Smoking, like any habit, is easy to start and difficult to stop. Both manufacturers and consumers are all too aware of the addictive nature of tobacco products, not to mention the many serious health risks that waft through the air with each light-up. However long you have been smoking, now is the perfect time to stop. Quitting smoking puts money in your pocket, adds years to your life, and helps the people and creatures around you breathe easier. There are plenty of burning reasons to stop smoking.
Tobacco use can take a significant toll on your finances; the CDC reports that one pack of cigarettes costs between $4.62 and $10.67 in the US in 2017. If you’re looking for ways to cut back on living expenses, it may help to consider how much you are investing in this habit every day. This money could be helping eliminate debt, prepare for retirement, take family vacations, or start a business. When you quit smoking, you’ll be amazed by your sudden increase in disposable income.
Tar, nicotine, and carbon monoxide from cigarette smoke may, both directly and indirectly, contribute to the onset of auditory system illnesses. A research paper published in the International Tinnitus Journal concluded that these toxic substances promote oxidative damage that leads to neurosensory hearing loss. The authors linked smoking to increased incidences of middle ear diseases and tubal dysfunction.
Smokers have at least double the risk of developing cardiovascular disease and stroke compared to nonsmokers. Cigarette smoking triggers an immediate and long-term spike in heart rate and blood pressure and impairs blood flow from the heart. It also deteriorates blood vessels. Quitting cuts the risk of heart disease to half that of a continuing smoker within only one year. Five to 15 years later, the individual's risk of stroke becomes the same as that of a lifelong nonsmoker.
Your mouth has many reasons to thank you for not smoking. Quitting alleviates halitosis and yellowing of teeth within hours. Sense of smell and taste improve within a few days. The risk of gum disease decreases immediately and over time. Smoker’s melanosis, the darkening of the gums, often disappears within three months. Five years after your last cigarette, your risk of oral cancer is halved.
Secondhand smoke can permeate through the air into hallways, stairwells, and other rooms and building units. Extensive research indicates that inhaling secondhand smoke instantly harms the heart and blood vessels. Passive smoking contributes to deaths from cardiovascular disease and lung cancer in over 40,000 nonsmokers every year. Kicking the habit can help clear the air for others immediately.
According to the American Lung Association, 35% of all children in the US have breathed in secondhand smoke, mostly in homes and vehicles. Research suggests that this exposure may cause the accumulation of fluid in the middle ear, leading to a host of illnesses. American children and teens deal with almost 800,000 doctor’s office visits and over 200,000 asthma flare-ups every year because of secondhand smoke. More than 400 babies succumb to sudden infant death syndrome (SIDS) annually. Smoking cessation can dramatically reduce these illnesses and losses in a vulnerable population.
Our pets are family, too, and we all want to provide the best environment for them to enjoy life with us. However, the American Society for the Prevention of Cruelty to Animals considers tobacco smoke a harmful toxin for pets. Researchers at Colorado State University discovered that dogs living with smokers had higher occurrences of sinus cancer and nasal tumors. Another study at Tufts University reported that cats exposed to smoke are twice as susceptible to developing malignant lymphoma.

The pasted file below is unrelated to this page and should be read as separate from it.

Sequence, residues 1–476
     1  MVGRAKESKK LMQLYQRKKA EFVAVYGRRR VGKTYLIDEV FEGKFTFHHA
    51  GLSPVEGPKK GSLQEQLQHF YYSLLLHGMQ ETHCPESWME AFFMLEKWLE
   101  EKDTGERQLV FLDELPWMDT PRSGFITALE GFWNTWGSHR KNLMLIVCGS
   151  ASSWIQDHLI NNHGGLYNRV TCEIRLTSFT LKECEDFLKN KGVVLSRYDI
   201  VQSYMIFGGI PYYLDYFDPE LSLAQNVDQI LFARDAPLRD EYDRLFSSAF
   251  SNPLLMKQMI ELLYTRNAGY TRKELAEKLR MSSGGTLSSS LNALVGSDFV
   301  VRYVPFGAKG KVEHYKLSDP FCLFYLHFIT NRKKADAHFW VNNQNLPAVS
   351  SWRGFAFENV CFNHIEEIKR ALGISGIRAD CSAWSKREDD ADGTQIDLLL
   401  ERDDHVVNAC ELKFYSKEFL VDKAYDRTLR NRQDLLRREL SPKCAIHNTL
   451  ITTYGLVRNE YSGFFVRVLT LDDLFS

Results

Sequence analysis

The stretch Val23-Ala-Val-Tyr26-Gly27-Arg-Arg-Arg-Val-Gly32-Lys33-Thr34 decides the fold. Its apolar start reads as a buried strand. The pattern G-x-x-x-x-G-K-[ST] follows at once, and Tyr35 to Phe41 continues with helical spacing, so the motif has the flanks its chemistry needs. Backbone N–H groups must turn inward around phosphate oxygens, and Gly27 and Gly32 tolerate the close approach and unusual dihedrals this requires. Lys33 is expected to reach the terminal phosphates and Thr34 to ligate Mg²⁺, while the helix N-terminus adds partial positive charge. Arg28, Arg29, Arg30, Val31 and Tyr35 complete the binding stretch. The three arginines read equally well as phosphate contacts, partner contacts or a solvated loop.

Secondhand tobacco smoke produces another health risk factor: thirdhand smoke. This term refers to tobacco-related particles and chemicals that penetrate walls, carpet, blankets, furniture, and toys. The potential for continued exposure to toxic substances from tobacco smoke, even after a smoker has moved out, remains indefinitely.
Research published in Chemical Research in Toxicology suggests that thirdhand smoke health risks may occur with inhalation, skin contact with contaminated surfaces, and ingestion of chemicals on the hands or food. Young children who often mouth objects in their surroundings could be absorbing more tobacco residue orally. Further, thirdhand smoke chemicals may interact with other airborne pollutants to create toxic byproducts.
According to the World Health Organization, all smokers can experience better health right away when they put out their cigarettes for good. Blood pressure and heart rate drop within 20 minutes of stopping. Circulation and lung function improve within two to 12 weeks of cessation. You can expect shortness of breath and coughing to lessen within one to nine months.
Even if you have developed smoking-related health issues, you can reap significant benefits from cessation. For instance, individuals who give up cigarettes after experiencing cardiac arrest lower their risk of having another heart attack by up to 50%. The World Health Organization reports the following encouraging statistics. People who quit by:
This site offers information designed for educational purposes only. You should not rely on any information on this site as a substitute for professional medical advice, diagnosis, treatment, or as a substitute for, professional counseling care, advice, diagnosis, or treatment. If you have any concerns or questions about your health, you should always consult with a physician or other healthcare professional.